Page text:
Phonograph Cylinder - Thursday, September 24, 2015

The American Treasure Tour is your one stop attraction for all types of music.  We have sheet music, paper rolls, 8-tracks, records - you name it, we've got it.  And we're going to tell you a little something something about many of them.  We know you want to hear about the musicians who released songs on them, and we' ll talk about them soon, but first, let's talk about the individual formats.  Today, we start at the beginning.  The phonograph cylinder.  The first device to ever preserve the human voice for re-listening.  Prior to this thing, there was no way to hear reproduced sound anywhere.

Thomas Edison was one of the world's greatest and most successful tinkerers.  He would develop a new technology and, if it tickled his fancy, he would pursue it.  If it didn't, it kinda got pushed to the side and either completely abandoned, or picked up again later by him, his people, or the competition.  He first patented his phonograph in the year 1877.  At this time, he recorded sound on thin, flimsy sheets of tin foil wrapped around a hand-cranked, grooved metal cylinder.  It was cool, but nothing more than a plaything with no real applicable use.  He lost interest and moved on to such innovations as practical electricity and light bulbs shortly after developing it.  

Meanwhile, Alexander Graham Bell and cohorts at the Volta Laboratory caught wind of what he did, and started experimenting with wax as a form of recording device to capture - and preserve - sound.  They introduced the "Graphophone" in 1887.  It worked, and caught Edison's attention.  So he got back in the game, perfected the advances Volta had made, and signed a patent-sharing agreement with them to improve the technology together.  By 1889, they were selling hard-wax cylinders with music permanently etched into the groves for people to listen to, usually at nickelodeons and other entertainment sites.  They held about two minutes' worth of music, and were a phenomenon of the era.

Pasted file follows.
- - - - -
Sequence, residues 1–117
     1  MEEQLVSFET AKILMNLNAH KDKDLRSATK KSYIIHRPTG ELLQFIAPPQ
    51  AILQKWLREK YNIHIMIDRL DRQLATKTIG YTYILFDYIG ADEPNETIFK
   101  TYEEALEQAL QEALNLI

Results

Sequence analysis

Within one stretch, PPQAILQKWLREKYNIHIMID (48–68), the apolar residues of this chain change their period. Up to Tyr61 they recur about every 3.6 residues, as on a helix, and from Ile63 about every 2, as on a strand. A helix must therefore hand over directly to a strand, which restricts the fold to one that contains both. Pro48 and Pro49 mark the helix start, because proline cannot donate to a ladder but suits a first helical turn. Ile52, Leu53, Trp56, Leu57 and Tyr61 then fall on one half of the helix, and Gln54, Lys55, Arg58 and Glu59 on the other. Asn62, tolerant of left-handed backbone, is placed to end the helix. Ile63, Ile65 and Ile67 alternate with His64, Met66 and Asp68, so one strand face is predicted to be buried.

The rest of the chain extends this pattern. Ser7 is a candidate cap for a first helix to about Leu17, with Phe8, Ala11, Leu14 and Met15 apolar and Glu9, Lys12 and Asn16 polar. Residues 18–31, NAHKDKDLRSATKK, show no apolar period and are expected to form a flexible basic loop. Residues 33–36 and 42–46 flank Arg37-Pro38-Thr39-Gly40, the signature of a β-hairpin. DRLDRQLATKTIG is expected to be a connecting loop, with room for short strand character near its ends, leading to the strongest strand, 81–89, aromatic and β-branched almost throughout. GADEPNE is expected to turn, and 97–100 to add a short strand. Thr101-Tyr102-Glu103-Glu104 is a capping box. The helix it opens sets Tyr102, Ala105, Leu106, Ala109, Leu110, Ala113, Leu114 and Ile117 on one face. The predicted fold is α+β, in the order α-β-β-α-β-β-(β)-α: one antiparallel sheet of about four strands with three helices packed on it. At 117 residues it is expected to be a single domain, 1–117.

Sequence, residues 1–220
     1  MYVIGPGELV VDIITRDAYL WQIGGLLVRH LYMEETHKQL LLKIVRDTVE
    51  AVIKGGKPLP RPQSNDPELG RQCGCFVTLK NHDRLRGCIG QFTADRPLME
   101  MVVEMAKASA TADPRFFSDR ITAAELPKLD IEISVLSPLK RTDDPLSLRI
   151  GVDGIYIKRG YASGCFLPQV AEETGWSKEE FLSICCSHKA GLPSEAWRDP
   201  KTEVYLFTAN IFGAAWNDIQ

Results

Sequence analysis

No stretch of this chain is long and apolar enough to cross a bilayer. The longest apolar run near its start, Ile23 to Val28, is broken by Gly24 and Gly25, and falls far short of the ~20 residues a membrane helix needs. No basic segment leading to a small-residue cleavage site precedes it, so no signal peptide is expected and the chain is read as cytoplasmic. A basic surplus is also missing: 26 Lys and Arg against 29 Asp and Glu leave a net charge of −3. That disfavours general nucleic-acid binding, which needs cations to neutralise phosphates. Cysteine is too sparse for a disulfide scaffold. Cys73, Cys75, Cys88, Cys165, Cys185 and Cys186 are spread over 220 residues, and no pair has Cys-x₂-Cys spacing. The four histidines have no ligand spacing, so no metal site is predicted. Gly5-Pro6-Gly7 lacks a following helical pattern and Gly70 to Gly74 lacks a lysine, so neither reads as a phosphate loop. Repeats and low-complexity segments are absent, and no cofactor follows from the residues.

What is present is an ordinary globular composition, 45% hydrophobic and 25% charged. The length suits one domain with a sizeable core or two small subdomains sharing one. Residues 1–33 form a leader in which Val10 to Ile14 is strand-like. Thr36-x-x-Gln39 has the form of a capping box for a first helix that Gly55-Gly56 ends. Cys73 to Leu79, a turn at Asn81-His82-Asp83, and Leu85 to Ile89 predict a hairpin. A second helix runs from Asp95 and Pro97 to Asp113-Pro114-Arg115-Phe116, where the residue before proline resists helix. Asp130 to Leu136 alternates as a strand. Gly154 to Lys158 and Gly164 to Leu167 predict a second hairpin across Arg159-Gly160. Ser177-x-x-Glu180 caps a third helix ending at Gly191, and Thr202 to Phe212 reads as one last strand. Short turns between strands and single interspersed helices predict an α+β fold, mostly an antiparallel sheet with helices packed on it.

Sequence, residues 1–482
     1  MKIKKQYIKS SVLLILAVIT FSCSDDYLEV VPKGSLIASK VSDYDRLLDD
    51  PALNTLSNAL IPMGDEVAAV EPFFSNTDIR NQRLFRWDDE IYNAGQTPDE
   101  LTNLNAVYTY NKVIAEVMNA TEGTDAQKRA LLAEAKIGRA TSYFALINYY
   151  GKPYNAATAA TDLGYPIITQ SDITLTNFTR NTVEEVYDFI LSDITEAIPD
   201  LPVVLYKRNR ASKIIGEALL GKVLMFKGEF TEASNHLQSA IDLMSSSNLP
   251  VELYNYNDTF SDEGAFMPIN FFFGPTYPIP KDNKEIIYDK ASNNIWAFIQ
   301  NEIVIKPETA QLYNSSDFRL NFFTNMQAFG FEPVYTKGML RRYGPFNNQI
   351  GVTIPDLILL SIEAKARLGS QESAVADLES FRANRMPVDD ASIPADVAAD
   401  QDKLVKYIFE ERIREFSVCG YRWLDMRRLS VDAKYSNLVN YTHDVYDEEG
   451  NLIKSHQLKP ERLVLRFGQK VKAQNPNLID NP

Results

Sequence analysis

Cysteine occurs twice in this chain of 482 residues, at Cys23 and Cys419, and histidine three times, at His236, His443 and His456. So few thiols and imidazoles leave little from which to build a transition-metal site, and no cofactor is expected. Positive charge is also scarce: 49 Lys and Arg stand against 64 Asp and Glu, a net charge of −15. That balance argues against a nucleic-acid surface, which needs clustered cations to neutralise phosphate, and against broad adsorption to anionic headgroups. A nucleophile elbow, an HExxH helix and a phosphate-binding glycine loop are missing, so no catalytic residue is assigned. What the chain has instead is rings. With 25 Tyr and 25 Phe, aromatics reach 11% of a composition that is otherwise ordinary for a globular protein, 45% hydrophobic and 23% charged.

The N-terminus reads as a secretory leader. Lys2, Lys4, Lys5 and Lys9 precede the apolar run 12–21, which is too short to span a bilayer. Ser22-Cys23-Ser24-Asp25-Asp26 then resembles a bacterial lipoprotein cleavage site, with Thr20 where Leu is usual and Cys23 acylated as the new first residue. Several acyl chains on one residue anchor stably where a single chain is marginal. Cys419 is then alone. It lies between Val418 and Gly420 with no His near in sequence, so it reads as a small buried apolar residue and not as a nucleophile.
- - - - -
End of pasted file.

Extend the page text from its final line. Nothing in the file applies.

By 1900, an early form of hard plastic was developed called celluloid that improved upon the wax cylinders.  They proved more durable than anything before them, and many forms of sound preservation after them, but they could only preserve up to four minutes' worth of music.  They remained the most popular method for music reproduction until the early 19-teens.  But 1901 saw the introduction of a new type of musical storage device.  Tune in tomorrow, same blog time, same blog channel, to learn more....
QUESTION:  Which of the following men contested Alexander Graham Bell's right to patent the telephone?
A)  Thomas Edison
B)  Elisha Gray
C)  Cyrus Field
D)  Guglielmo Marcone

IT'S A HONDA.  Okay, yes.  Honda is a Japanese company but, as the world's largest manufacturer of motorcycles since 1959, and also the largest producer of internal combustion engines out there, they merit acknowledgement here at the American Treasure Tour.  They were formed on this day in 1948 by Soichiro Honda in a Japan still recovering from the devastation from World War II, who began his automotive career tuning other people's cars and racing them in competitions.  He went independent and created one of the world's largest producers of vehicles.  Kudos to Honda for following his passion!

QUOTE:  The value of life can be measured by how many times your soul has been deeply stirred. - Soichiro Honda

ANSWER:  B)  Elisha Gray.  Edison patented many inventions after the development of the phone to improve it.  Cyrus Field is responsible for laying the first telegraph wire from Newfoundland to Ireland, and Marcone is the man behind wireless radio (although some argue that Nikolai Tesla deserves that credit).